Featured Researcher

Joseph Benzel

Graduate assistant, Northern Arizona University

MS, Bioagricultural Sciences, Colorado State University, 2016

BS, Biology, Rocky Mountain College, Montana, 2014

Research interests

Systemics, Parthenogenesis, Evolutionary Biology, Entiminae.

My first encounter with weevils came late in my academic career when I had just come on as master’s student at Colorado State University. My advisor suggested I pick a group of weevils to complete a taxonomic revision of an understudied genus. After looking through the wide-ranging Gillette Museum collection, I settled on the genus Pachyrhinus, a small and ubiquitous entimine weevil that feeds on conifers, notable for the iridescent scales exhibited by some of the species. Over the next two years I dedicated myself to understanding the ecology and taxonomy of Pachyrhinus in the Nearctic, culminating in the publication of my revision. During that time, I also familiarized myself with the diversity of weevils and bark beetles, and generated the illustrations for Dr. Donald Brights' Monograph of Bark Beetles of the West Indies, along with completing a series of screening aids for the USDA APHIS program.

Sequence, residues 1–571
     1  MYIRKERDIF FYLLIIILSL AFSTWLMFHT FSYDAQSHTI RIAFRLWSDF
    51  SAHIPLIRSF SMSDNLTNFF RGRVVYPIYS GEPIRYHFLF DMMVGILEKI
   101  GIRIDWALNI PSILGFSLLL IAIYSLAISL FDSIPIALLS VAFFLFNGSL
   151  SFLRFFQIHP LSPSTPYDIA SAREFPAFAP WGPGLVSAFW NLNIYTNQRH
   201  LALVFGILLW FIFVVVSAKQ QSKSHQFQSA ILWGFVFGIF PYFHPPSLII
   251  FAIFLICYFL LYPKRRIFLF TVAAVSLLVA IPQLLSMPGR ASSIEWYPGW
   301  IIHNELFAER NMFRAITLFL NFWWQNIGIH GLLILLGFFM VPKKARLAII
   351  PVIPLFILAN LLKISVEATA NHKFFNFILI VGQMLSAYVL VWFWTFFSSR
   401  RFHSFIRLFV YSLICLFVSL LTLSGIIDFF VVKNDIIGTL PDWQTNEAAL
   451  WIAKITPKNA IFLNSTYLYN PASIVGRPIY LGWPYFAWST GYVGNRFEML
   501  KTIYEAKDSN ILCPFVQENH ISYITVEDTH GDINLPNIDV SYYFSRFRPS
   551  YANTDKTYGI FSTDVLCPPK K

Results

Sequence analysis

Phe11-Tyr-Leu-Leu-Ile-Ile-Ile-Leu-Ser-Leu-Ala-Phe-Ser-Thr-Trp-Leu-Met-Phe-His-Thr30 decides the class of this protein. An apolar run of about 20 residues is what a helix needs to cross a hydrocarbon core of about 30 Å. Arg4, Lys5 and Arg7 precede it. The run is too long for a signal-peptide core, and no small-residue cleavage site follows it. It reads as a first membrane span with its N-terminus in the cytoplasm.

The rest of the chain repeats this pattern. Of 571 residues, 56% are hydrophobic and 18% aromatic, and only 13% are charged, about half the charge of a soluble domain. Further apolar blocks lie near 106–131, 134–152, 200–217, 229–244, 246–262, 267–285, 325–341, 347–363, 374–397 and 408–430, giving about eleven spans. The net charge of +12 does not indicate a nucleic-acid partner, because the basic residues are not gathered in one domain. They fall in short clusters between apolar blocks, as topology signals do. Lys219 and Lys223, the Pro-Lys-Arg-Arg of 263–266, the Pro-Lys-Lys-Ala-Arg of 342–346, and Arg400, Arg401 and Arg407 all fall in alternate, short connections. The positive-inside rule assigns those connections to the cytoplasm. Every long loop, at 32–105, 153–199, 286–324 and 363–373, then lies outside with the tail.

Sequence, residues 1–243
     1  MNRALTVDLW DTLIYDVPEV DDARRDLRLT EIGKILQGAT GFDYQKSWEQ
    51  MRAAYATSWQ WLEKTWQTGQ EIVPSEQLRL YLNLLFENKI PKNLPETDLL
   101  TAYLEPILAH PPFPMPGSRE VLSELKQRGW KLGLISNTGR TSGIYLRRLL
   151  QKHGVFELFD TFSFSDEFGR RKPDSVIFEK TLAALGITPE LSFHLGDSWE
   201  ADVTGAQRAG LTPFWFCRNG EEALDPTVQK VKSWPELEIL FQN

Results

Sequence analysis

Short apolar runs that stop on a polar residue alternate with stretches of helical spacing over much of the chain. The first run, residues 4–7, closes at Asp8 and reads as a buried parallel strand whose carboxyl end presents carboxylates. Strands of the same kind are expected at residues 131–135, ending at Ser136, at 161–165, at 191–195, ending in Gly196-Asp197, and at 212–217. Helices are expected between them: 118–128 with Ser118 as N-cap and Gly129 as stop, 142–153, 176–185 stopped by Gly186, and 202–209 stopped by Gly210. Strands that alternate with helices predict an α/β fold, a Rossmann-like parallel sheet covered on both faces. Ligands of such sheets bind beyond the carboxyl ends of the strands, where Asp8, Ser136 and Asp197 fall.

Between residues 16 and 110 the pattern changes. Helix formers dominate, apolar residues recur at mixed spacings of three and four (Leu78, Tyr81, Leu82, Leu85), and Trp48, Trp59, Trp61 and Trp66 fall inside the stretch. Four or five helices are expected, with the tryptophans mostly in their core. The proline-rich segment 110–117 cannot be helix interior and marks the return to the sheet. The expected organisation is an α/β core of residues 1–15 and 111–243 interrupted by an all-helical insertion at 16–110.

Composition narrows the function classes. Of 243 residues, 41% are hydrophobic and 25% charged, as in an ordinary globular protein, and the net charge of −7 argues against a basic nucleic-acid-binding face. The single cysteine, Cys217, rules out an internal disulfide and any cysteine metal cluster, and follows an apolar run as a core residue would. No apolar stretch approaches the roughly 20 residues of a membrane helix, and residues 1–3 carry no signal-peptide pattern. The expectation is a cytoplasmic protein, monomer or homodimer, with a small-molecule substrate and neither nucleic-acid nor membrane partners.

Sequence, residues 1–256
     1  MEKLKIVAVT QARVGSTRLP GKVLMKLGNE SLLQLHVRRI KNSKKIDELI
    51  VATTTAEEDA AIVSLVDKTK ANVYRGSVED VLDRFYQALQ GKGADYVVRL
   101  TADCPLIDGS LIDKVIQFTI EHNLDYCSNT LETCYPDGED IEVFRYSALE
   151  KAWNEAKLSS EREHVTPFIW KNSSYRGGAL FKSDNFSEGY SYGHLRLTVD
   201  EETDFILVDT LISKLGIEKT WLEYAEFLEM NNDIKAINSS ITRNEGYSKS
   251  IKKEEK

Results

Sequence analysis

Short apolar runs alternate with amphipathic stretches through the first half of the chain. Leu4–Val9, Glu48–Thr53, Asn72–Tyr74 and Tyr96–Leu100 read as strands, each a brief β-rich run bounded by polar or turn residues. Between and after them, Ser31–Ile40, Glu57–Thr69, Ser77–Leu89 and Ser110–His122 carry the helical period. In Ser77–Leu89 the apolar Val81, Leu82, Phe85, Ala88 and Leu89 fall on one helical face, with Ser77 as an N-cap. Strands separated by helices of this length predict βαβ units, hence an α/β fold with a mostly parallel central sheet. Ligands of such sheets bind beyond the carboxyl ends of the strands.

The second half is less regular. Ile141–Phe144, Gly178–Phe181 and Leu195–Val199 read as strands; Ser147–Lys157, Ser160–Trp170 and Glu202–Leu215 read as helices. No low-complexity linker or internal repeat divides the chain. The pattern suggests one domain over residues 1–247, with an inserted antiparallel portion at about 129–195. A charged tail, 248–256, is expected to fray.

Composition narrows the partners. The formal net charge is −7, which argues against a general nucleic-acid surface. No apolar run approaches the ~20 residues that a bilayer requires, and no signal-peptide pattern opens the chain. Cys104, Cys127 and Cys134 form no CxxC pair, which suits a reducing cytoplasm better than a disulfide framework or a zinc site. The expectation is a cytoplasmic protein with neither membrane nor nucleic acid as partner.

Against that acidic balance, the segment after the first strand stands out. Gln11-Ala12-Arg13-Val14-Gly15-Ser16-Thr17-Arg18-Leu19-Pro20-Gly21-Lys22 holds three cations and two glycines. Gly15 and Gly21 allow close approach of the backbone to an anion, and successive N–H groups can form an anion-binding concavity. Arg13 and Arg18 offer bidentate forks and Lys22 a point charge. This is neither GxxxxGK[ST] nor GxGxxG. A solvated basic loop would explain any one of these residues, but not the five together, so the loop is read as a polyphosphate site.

My current project is a comprehensive revision of the weevil genus Dyslobus, an understudied genus of entimine weevils found almost entirely in Western North America. Since the last such revision in 1933, ten more species of Dyslobus have been described and three of the species have been reported to be parthenogenic.

I’m hoping to use a combination of karyotyping and rearing studies to confirm these reports, along with providing the first phylogenetic trees and genetic analyses for the genus. I’m also gathering museum specimens including holotypes for morphological analysis, and comparing them with specimens from my own collection and subsequent field expeditions. Ultimately, I hoping to create a phylogeny of parthenogenic Dyslobus to be compared with similar studies of parthenogenic weevil genera from Europe and South America. At the very least I would like to lay the groundwork for such a study or to simply bring the taxonomy of this neglected group into the 21 st century.

Last updated February 7, 2023